The other components of drainage are making sure that if water gets under a slab, basement, main floor or garage, that water can also get out. This means below any slab should be a layer at least 4” thick of washed rock. The perimeter of the building needs to have drain tile so there is a system to get the water out of the washed rock and away from the building.

Foundation Waterproofing

Even after your foundation drainage has been accounted for, waterproofing is necessary to prevent any additional moisture buildup and damage.

Waterproofing materials for a home’s foundation should be at least 40 mils thick, and at KV Tech we install peel and stick waterproofing membranes. This involves painting the basement wall with a primer, similar to contact cement. Then we adhere the peel and stick membrane to the primer. The top of the membrane needs to be mechanically fastened to the wall to make sure on hot summer days the membrane glues do not get soft and let go of the wall.

Foundation Insulation  

We hear from many homeowners about how they don’t want to insulate their basement or floor, so they can take advantage of the free geothermal heat that comes from the ground. In order to understand this concept, we have to address the mystery of heat flow. In short, heat flows from hot to cold. Warm air rises, and cold air sinks.

In Ashland and Bayfield Counties, our average soil temperature is around 45 degrees Fahrenheit. If we are heating our homes to chilly 30 degrees, then we would see nice heat gain from the soil. But since we typically heat our homes to about 70 degrees, the heat from our homes is constantly flowing back down into the soil. (Remember — heat flows from hot to cold.)

So, always insulate your foundation! Insulate your basement floor, even if it is not heated with radiant heat. Insulate your slab-on-grade foundation. We also recommend that you insulate your garage floors even if the garage will not be heated. Insulating the garage floor during construction is the only chance you have to insulate cost effectively, and you may someday decide to insulate the rest of the garage. Even if you don’t, the floor insulation will prevent condensation on hot, humid days in the summertime.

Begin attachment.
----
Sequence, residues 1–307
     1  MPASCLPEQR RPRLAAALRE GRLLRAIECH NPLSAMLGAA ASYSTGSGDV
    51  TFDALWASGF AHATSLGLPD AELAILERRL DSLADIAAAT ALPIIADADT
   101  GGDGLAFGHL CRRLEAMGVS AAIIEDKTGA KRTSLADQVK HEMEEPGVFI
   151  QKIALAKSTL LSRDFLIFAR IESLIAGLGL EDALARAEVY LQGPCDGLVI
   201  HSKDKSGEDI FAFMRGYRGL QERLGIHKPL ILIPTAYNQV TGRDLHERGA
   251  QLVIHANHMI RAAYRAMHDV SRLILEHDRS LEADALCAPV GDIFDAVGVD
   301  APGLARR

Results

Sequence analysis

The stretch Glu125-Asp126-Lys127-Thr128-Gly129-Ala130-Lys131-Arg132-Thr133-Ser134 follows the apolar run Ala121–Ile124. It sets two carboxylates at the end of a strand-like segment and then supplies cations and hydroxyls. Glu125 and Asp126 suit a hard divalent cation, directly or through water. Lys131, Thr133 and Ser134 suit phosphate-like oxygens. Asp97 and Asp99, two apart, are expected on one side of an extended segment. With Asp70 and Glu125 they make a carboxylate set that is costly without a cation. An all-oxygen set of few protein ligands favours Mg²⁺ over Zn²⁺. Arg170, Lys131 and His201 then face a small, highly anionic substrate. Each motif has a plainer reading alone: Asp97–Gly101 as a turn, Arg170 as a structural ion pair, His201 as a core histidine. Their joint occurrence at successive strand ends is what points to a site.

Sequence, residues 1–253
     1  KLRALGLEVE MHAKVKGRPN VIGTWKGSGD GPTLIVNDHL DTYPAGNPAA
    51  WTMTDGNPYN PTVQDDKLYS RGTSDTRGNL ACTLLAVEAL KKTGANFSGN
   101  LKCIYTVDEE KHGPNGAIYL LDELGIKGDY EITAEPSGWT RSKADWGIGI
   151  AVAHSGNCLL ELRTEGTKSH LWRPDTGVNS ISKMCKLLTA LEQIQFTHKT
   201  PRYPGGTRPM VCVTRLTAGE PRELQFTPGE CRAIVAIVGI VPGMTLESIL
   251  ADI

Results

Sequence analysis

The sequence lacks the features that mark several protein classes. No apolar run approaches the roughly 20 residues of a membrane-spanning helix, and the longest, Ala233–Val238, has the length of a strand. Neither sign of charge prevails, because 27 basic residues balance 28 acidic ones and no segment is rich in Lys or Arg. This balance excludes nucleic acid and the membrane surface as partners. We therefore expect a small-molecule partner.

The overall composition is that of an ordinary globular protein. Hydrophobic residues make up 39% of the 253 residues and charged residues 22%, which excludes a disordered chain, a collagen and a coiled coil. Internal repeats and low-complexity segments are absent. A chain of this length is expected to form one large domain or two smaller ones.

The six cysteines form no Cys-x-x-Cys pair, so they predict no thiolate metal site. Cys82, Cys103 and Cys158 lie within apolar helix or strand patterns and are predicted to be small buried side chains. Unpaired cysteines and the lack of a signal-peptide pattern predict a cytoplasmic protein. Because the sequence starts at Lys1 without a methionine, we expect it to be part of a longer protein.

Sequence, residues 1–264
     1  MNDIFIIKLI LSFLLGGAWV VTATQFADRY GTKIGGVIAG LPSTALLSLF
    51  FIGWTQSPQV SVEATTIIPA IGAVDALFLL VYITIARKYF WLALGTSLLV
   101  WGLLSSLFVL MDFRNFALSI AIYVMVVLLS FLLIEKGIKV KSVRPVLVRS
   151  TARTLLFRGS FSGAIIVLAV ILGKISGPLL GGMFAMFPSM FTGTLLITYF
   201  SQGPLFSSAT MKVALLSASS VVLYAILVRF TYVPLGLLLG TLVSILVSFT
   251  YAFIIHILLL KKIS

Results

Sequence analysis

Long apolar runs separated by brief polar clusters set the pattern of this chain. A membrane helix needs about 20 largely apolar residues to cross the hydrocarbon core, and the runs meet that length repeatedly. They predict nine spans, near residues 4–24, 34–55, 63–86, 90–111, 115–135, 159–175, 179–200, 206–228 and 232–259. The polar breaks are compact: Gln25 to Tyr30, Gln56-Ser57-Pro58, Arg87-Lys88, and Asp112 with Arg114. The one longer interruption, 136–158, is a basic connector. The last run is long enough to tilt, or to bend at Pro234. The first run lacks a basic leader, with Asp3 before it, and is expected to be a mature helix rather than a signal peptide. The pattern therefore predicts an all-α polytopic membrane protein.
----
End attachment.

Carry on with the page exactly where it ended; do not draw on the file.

Insulating outside of a slab-on-grade perimeter or outside of frost protected shallow footings is also recommended to prevent frost from heaving your foundation footings during winter. A building that does not move over time prevents drywall cracks, keeps doors functioning properly, keeps the framing structurally sound, and maintains a structure will last for hundreds of years.

Special Considerations for Post and SonoTube Foundations

The main challenge to post foundations is protection from frost uplift. Using “Bigfoot” sono tube bases solves this issue and doubles as the footing, making it the preferred way to address both the footing and frost uplift with a single product. Special consideration is needed to determine the footing load, since it is divided by each of the posts in your foundation.

Build Your Home on a Strong, Foundation with KV Tech

Whether you are designing your dream home, or you are turning current home into your forever home, a strong foundation is essential to the longevity of your investment. As a family owned Wisconsin business of over 25 years, we know what it takes to build a home to last here in the Northwoods, and we are the only company in the world with a 5 year 100% materials and workmanship guarantee. Experience the KV Tech difference today, in Ashland, Hayward, Spooner, Iron River, Cable, Bayfield, La Pointe, and Washburn, WI.


Still have questions about the foundation in your Northwoods home? Get in touch with the foundation experts at KV Tech today. Call us at 715-765-4483, or contact us.